Traditionally the domain of logistics and tourism, the Red Sea-city of Aqaba is now taking on industry with gusto, having amassed an investment cache for the sector approaching $1 billion. The Aqaba International Industrial Estate (AIIE), located 15 kilometers from Jordan’s only seaport, has become the heartland for this industrial drive, where large deals over the past three years have been witnessed from high-tech investors, including solar-panel and LED-lighting manufacturers.
“Until now, big projects here were up to $50 million,” remembers Sheldon Fink, the American CEO and Chairman of PBI Aqaba Industrial Estate, the 50% Turkish, 50% US-owned company that develops, markets and manages AIIE.
“But now we have $200- or $300-million projects in the pipeline. Based on total signed contracts and projects under construction, we will have over $1 billion of investment under management by 2019,” he says. “We’re also hoping to complete a $100-million financing deal with the support of USAID by end-2018,” Fink adds.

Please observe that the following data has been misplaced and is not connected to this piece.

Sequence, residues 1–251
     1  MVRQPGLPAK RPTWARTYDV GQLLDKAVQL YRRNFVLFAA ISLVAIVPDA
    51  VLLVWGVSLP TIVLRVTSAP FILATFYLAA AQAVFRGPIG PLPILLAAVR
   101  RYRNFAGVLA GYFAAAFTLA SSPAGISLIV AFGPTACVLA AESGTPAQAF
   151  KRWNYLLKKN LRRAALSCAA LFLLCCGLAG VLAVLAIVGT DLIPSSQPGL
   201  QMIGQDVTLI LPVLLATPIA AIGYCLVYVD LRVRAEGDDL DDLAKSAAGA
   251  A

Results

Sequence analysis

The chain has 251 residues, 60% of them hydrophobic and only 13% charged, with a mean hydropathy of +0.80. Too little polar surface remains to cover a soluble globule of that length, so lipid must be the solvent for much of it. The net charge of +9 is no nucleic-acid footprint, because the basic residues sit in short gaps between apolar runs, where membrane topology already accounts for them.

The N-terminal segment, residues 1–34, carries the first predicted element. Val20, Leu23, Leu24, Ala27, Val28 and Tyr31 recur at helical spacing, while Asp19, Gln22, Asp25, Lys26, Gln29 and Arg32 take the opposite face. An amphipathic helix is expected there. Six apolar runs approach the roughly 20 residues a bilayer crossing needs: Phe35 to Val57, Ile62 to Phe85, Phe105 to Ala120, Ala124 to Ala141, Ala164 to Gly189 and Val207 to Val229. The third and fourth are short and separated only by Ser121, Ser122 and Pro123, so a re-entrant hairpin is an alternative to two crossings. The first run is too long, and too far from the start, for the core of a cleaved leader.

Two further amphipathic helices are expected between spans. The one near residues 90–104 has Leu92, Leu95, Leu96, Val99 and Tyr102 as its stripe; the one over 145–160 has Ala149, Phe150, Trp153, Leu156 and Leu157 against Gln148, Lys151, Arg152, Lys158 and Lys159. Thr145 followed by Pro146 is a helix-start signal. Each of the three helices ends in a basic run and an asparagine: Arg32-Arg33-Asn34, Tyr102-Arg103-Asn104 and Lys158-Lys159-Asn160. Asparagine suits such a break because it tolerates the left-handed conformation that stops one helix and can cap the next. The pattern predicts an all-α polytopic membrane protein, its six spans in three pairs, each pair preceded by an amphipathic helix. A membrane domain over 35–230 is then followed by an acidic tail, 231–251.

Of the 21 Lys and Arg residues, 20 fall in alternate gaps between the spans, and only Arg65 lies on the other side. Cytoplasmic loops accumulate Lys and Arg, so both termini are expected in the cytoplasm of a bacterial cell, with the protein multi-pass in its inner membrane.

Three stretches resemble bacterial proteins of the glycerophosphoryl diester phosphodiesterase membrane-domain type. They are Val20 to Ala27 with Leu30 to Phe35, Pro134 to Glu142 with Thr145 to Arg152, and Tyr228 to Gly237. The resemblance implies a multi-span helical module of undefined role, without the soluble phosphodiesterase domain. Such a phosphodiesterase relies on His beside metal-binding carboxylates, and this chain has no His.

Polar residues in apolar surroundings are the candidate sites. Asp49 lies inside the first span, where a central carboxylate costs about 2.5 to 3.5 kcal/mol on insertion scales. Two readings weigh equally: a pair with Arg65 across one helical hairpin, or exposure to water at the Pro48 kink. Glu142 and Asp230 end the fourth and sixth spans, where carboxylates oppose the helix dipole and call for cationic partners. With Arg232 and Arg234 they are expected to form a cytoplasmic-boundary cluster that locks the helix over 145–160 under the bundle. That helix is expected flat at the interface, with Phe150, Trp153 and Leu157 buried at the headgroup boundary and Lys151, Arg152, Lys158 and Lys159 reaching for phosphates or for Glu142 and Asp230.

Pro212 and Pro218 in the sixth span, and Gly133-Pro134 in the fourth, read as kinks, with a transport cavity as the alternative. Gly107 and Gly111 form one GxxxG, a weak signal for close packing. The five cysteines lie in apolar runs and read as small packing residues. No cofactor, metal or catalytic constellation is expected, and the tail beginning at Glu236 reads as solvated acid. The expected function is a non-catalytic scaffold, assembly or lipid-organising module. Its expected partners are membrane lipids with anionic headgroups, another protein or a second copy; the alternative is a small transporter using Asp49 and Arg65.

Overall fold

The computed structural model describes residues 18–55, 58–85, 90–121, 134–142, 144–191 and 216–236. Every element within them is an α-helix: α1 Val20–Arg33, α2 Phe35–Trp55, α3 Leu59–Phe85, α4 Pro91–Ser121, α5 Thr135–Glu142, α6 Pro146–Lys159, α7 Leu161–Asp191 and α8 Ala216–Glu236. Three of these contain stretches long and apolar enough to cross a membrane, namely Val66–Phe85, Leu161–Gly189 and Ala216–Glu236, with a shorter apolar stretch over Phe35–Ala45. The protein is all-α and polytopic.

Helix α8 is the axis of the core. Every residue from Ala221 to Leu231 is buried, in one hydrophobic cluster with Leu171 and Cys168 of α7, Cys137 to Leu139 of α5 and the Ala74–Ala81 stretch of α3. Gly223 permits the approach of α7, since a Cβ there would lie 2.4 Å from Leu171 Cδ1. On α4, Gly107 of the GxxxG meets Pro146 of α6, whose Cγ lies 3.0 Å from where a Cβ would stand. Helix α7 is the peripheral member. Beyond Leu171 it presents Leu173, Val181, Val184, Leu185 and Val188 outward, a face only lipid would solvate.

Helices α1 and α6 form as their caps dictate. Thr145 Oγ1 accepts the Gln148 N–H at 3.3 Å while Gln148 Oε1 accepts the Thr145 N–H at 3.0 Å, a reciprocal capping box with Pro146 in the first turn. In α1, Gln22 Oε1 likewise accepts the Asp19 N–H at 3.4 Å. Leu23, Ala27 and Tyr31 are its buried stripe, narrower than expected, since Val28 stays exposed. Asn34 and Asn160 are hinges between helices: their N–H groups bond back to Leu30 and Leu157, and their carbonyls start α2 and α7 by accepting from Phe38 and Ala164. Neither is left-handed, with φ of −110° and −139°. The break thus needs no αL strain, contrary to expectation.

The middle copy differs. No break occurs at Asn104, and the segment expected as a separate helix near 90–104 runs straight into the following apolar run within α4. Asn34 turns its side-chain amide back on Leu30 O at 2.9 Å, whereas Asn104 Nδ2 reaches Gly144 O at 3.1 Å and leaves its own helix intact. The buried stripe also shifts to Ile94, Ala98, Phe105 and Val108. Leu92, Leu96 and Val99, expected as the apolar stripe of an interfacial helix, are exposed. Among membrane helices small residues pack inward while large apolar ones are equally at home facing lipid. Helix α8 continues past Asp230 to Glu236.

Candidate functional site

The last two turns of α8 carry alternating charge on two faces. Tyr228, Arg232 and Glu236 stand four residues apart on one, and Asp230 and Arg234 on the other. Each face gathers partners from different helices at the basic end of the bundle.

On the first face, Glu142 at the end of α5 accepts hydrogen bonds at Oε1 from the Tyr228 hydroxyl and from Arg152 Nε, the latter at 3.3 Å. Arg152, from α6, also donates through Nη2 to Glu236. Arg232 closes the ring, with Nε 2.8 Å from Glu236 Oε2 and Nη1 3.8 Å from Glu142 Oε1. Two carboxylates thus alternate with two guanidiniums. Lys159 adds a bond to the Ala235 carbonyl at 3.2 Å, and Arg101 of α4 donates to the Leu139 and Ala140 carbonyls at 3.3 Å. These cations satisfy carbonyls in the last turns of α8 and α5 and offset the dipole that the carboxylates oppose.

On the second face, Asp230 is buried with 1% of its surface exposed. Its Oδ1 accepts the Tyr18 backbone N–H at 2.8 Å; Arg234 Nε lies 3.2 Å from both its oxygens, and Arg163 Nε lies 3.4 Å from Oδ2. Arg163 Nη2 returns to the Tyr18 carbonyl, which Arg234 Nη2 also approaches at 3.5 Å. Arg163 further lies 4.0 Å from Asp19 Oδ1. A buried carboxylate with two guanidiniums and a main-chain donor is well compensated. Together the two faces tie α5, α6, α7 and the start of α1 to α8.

PBI Aqaba’s investment surge began in 2016 following an agreement with the Shenzhen Chamber of Investment (SZCI) to develop the Shenzhen-Aqaba Industrial Estate, a 1.8-million-square-meter add-on to PBI Aqaba that will facilitate investments of over $1 billion. “Since the estate’s opening, a Shenzhen-based company has launched a series of LED streetlights locally, and now they’ve installed LED lights in a model greenhouse for the Sahara Forest Project,” Fink adds, referring to the desert vegetation project in Aqaba supported by the royal families of Norway and Jordan.
It its early stages, the park housed mostly metals, plastics and food industries, but today it is actively developing niches with high-tech manufacturing and garment fashion companies. Impact from hi-tech producers will be particularly transformative: The park’s current 2,500 jobs will be tripled, with PBI Aqaba expecting to have created 7,500 jobs by 2022.
“When current construction for PBI Aqaba is completed in about four year’s time, we will have 200 to 250 companies, generating employment for 7,500 people,” Fink observes. Companies have been drawn to the AIIE through benefits offered by the Aqaba Special Economic Zone, including a 5% flat income tax on profits and duty-free imports.
When asked how PBI Aqaba has succeeded in attracting such a volume of new contracts, Fink said: “The best approach is to get investors to come here; it will be much better than they expect. The reality is better than the story.”